Growing up in Northern Manitoba in the early 60’s, my Dad was and still is a big country music fan. Of course, I listened to the great country stars of that time, Hank Williams Sr., Johnny Cash, Hank Snow, and of course, George Jones. I can remember one album cover of a young George Jones. He had a crew-cut, holding his guitar, wearing a bright red suit jacket laden with studs and rhinestones shaped into a guitar. My Dad would play these records until they were buried deep into my mind. This period of my life made me a big country fan as well.
Sometimes life gives you a treat. This treat started with a phone call. Having dinner with a friend, I decided to check my messages. My good friend, Neil “Mr. Skinner” Diamond, of The Nation, left me a message asking if I wanted to go and see George “The Living Legend” Jones in Kahnawake. I promptly called him and gave him an enthusiastic “yes!” I had no idea on that particular day I would be attending a George Jones concert. On the other hand, the reason why Neil called me was because Will Nicholls did not want to attend, and he just used me because I have a car and he needed a lift, what do you think?
Arriving at the Kahnawake Sports Complex, about 20 minutes late, we entered the arena without even being asked for our tickets!, I suppose because the concert was already in full country swing. Being with someone who was part of the press has its perks. It got us a front row seat!
So there he was, bigger than life, Mr. “No-Show” Jones, looking healthy, and sounding great! His silver hair neatly combed, the ever-present dark glasses and backed by a tight, energetic, 7-piece band. My foot began to tap uncontrollably while Neil, armed with two cameras, began to click away furiously.
Sitting beside me were Joseph and Amelia McGregor, residents of Kahnawake and big fans of George Jones, who I wish to thank for assisting me in identifying songs I was unfamiliar with. When Neil and I arrived, “A Picture Of Me Without You” was being played. George, known for his honky-tonk drinking songs and hurtin’ love songs, sang out “I’ll Give You Something To Drink About,” “Who’s Gonna Fill Your Shoes?”, “He Stopped Loving Her Today,” and a medley including such hits as “I’ll Share My World With You,” “Window Up Above,” “Now She’s Gone Forever,” “Walk Through This World With Me,” “White Lightning,” and the incomparable, “She Thinks I Still Care.”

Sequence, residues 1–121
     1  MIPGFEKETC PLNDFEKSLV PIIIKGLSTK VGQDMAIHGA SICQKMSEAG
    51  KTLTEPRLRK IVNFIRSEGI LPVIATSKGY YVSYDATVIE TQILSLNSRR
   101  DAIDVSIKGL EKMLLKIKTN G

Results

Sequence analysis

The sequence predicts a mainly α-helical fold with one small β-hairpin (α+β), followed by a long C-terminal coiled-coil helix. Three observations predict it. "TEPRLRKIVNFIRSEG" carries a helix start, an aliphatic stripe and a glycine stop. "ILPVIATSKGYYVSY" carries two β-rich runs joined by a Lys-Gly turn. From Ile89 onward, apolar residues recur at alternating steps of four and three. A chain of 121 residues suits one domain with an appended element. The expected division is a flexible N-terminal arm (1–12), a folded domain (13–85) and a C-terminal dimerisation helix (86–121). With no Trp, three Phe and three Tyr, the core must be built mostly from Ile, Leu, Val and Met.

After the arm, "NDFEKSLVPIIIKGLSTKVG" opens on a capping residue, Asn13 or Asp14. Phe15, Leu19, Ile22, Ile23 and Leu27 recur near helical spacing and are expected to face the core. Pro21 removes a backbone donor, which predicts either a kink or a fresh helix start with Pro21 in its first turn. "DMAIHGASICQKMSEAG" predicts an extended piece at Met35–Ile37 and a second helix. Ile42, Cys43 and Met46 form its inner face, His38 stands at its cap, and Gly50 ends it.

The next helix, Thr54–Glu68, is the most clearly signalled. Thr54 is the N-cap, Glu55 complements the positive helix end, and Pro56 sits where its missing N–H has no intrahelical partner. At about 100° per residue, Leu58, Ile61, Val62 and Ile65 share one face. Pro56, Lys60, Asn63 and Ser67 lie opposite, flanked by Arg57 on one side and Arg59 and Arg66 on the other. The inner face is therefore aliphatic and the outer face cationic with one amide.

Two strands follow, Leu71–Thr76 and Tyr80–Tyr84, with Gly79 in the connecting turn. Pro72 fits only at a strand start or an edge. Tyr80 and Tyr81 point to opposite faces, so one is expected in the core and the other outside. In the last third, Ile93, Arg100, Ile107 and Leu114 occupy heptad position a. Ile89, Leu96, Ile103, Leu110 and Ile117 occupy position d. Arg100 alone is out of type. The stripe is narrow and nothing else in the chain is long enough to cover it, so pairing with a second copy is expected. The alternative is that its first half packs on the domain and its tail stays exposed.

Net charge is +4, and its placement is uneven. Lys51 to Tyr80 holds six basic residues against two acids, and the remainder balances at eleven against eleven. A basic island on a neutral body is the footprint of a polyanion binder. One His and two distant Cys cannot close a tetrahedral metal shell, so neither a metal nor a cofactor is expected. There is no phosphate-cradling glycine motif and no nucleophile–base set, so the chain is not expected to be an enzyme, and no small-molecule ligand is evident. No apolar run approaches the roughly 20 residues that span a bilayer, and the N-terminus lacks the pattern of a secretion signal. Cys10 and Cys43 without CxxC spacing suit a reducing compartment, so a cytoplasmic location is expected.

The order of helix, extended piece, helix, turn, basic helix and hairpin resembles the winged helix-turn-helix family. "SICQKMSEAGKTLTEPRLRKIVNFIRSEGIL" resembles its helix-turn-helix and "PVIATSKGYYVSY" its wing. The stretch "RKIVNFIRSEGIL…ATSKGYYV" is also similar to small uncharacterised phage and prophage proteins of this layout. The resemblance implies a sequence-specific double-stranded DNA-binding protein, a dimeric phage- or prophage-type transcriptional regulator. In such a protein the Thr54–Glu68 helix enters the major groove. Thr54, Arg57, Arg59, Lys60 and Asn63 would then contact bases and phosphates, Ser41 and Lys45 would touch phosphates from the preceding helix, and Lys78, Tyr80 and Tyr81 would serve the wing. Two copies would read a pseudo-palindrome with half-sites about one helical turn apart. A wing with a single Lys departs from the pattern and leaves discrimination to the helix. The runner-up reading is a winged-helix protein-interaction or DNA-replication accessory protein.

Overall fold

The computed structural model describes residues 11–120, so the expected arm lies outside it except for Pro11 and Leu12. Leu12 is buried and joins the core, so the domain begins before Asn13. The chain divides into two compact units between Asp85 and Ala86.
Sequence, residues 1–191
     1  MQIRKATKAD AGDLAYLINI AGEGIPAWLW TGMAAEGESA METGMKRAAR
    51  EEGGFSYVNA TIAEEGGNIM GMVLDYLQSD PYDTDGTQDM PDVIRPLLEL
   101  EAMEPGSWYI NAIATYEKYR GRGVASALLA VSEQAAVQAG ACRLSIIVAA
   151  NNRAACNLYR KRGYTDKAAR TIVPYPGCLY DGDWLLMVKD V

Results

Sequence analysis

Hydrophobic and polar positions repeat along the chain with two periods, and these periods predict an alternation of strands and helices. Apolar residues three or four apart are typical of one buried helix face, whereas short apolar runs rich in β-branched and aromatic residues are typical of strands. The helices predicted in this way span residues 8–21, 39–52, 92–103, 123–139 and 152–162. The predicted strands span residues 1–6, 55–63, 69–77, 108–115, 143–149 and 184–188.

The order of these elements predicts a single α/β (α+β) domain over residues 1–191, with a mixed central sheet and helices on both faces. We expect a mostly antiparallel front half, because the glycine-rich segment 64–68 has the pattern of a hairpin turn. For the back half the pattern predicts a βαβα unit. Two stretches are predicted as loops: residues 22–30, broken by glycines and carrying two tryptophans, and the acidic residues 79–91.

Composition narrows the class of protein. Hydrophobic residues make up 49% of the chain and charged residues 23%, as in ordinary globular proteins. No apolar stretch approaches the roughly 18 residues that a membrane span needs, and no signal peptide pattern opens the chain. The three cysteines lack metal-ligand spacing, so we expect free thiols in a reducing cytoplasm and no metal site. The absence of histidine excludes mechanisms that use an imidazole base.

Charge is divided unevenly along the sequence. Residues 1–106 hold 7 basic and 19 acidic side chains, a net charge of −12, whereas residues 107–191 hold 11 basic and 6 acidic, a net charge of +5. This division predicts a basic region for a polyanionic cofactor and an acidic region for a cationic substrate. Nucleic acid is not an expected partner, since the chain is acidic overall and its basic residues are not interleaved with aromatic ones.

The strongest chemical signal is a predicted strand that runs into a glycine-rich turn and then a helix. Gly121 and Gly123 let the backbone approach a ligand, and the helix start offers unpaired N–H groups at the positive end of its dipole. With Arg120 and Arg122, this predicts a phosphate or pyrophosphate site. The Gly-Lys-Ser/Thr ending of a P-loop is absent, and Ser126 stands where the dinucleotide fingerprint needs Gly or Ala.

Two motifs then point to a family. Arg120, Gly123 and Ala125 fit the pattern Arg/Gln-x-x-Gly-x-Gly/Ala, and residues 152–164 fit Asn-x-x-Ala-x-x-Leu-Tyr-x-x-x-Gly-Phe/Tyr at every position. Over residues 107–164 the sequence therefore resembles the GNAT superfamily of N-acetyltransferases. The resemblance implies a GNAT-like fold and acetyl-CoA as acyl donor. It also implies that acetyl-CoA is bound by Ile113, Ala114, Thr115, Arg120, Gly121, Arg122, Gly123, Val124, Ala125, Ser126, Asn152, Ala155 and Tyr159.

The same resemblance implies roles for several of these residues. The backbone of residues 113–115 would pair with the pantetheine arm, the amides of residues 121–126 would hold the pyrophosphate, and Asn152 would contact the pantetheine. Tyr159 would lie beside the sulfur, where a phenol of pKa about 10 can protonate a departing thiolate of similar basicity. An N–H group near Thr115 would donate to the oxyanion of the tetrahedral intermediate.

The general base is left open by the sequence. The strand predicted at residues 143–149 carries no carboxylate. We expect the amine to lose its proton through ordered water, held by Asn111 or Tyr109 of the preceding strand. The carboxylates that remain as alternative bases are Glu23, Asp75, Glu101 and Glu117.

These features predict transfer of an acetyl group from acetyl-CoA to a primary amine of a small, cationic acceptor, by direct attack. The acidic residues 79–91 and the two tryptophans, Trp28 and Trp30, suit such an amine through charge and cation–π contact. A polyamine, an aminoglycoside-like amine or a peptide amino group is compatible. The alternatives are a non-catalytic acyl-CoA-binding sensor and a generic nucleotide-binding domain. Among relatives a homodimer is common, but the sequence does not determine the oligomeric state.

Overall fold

The enthusiastic crowd got off their seats to the lively “I Don’t Need No Rockin’ Chair.” The crowd was a mix of Northern Crees, Mohawks of Kahnawake and all kinds of country fans. They were all clapping, smiling and thoroughly enjoying the presence of a true country legend. Cameras were flashing from every corner of the arena to capture the moment. Little kids were roaming around with their cute cowboy hats and boots.
Mr. Jones’ amazing fiddler, Jim, belted out “Fire On The Mountain,” “Sally Gooden,” and a Bill Monroe tribute in a song called “Mr. Mun,” which is a song about water. The rest of George’s band were young men who looked like they were having a good time, funnin’ with George, singing back-up vocals, dancing and flicking picks to the audience. Neil and I managed to snag one each.
Throughout the show, Mr. Jones would take time to talk to the audience about his wife, telling jokes or things that happened to him. He’s a genuinely personable and friendly man, who impressed everyone with his down-home country charm. He mentioned how he put his wife through a hard time when he was going through his rough times, and how he’s going to put her through some more, jokingly. He introduced her as she was sitting by the stage. He is certainly proud of her and her strength to have put up with him during his party days, which he stopped doing about 11 or 12 years ago, and it shows. He’s back on top of his game. His new album, Lived To Tell It All, is an album with new songs and is also the title of his autobiography, which hit #6 on The New York Times bestseller list.
Tid-bits about the man: Some of the things I managed to put down during his chats between songs are, his favorite country-singer of all time is Hank Williams Sr. (mine too), along with Lefty Ferzel, Ernest Tubbs and Merle Haggard, whose “The Way That I Am” George sang as a dedication to Merle. Mr. Jones also mentioned that he’s not too fond of today’s country artists. He’s strictly a traditionalist.
His answer to rock-n-roll, he said, was himself “doing an imitation of Roy Acuff imitating Buck Owens imitating Little Richard.” Can you picture it? George then launched into a rockin’ performance of “Tutti Fruitti.” He was shakin’ all over. Wop-bop-a-loo-bop-a-lop-bam-BOOM!
After the concert, which lasted about an hour-and-a-half, I homed in on the lead guitarist, DeWayne Phillips, who was signing autographs. George had unfortunately left the building immediately following the concert. I asked some questions on various topics. Here are the results. George is 66 years old, born on September 12, 1930 in Franklin, Tennessee. His favorite food is beans and cornbread, he’s an early riser, he mows his grass every day when he’s at home, he’s down-to-earth, has (from what DeWayne remembers) four kids, and his favorite T.V. show is Matlock. On the tour-bus, they tune into the Sony PlayStation, watch movies, and play cards. What else can one do on a bus, eh?
All in all, the evening of Aug. 24, 1997 will be on my top 10 concert list, and get this!, Mr. George Jones will be back next year on July 25!, so you have plenty of time to shine up your cowboy boots! I again would like to thank Neil “Crack-Shot” Diamond of The Nation for inviting me to this memorable night of real country music!!!